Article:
Bake at 350 degrees for 30 minutes, until the top begins to turn golden brown.  Serve immediately with whipped cream, ice cream, or caramel sauce.


*Other spices you could use are allspice, cloves, nutmeg, or even pumpkin pie spice, but cinnamon is my usual standby here.  Feel free to get crazy and add whatever the heck you like, though — you could probably add ginger and chili powder and have it come out pretty delicious.

Recipe: Strawberry Rhubarb Pie with Easy Lattice Crust

Posted in Recipes with tags , , , , , on June 15, 2010 by KarenElizabeth

Pie is one of my favourite things to bake, so it always surprises me a little when I hear that people are afraid to take the plunge and try making their own pies from scratch.  Crust seems to be the main sticking point, and many otherwise capable bakers will succumb to evil temptations and use (shudder) store-bought pie crusts for their creations.  Besides being more expensive than scratch-made pie crusts, store-bought pastry tends to come out heavier and less flaky than the real thing.  It also tends to be loaded up with preservatives and other unnecessary nonsense.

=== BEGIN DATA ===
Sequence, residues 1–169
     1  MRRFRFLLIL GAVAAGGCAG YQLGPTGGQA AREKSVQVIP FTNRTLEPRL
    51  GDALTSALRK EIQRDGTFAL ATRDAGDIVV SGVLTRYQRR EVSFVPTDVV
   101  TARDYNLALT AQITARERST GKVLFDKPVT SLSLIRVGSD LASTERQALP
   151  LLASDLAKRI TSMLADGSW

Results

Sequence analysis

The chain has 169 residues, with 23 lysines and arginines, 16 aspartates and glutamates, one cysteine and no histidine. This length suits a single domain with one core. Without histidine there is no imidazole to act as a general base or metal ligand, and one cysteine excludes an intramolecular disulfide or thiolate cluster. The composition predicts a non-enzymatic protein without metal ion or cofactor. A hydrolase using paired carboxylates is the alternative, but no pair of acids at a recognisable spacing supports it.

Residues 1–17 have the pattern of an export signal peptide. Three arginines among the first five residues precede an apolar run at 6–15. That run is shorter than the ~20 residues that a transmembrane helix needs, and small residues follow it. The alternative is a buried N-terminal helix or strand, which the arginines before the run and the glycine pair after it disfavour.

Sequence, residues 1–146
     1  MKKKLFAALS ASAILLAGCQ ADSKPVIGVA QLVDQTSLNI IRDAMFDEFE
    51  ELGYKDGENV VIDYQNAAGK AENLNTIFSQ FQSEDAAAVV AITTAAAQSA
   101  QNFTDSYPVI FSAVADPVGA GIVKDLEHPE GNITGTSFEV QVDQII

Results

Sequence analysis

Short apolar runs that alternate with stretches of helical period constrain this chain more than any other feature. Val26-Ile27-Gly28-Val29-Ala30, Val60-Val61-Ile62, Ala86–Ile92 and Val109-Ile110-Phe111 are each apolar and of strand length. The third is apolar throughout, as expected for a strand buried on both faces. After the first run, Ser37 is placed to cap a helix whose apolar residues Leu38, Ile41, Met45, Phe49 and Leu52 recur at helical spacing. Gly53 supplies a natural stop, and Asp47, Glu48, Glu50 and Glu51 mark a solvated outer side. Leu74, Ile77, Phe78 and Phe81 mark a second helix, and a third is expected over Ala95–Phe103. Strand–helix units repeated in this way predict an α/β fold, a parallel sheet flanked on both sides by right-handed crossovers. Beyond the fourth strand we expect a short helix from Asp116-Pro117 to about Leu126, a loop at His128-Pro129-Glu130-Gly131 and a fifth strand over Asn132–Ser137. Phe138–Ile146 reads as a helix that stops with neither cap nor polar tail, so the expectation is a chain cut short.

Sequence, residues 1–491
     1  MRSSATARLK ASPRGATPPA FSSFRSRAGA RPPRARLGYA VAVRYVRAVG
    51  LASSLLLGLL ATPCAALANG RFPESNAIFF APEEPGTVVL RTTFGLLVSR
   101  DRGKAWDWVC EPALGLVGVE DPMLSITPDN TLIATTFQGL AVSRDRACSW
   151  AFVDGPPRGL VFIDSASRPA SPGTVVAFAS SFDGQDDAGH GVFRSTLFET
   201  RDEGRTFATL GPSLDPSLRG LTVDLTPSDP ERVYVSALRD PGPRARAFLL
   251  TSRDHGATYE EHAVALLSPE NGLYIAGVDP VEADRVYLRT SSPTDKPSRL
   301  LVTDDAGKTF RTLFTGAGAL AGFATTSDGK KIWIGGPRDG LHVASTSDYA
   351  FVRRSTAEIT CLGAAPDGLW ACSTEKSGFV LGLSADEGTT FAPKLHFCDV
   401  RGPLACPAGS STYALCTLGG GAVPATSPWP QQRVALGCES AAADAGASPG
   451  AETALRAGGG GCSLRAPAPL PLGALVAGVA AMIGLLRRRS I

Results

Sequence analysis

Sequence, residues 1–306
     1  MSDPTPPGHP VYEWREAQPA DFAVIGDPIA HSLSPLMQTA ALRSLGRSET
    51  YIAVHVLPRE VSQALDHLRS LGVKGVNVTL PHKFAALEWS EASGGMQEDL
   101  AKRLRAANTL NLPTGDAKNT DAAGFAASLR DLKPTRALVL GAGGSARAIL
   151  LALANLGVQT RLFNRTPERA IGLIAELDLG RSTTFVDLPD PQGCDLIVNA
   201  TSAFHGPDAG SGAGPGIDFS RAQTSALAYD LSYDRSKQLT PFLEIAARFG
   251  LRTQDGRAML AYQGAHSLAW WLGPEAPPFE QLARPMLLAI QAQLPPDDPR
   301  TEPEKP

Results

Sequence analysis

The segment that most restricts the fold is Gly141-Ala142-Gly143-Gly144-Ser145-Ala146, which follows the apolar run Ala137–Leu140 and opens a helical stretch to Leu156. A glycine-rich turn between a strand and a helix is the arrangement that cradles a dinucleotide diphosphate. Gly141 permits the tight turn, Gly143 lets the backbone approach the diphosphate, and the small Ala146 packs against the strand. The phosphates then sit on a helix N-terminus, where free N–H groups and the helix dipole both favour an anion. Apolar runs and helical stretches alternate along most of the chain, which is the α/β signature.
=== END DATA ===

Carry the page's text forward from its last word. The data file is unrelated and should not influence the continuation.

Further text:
So cast aside your fears, I’ve prepared for you a little step-by-step tutorial on making an easy, delicious pie crust … from scratch.  I even took pictures along the way.

Preparing the Crust

This particular pie crust recipe is the first one that I ever attempted on my own (many, many years ago when I still had to stand on a stool to reach the counter), and I find that it’s a really good standby for most sweet pies.  It’s not my favourite for savoury pies, but it does get the job done in a pinch.  Best of all, it only uses a few ingredients, and takes very few steps to prepare.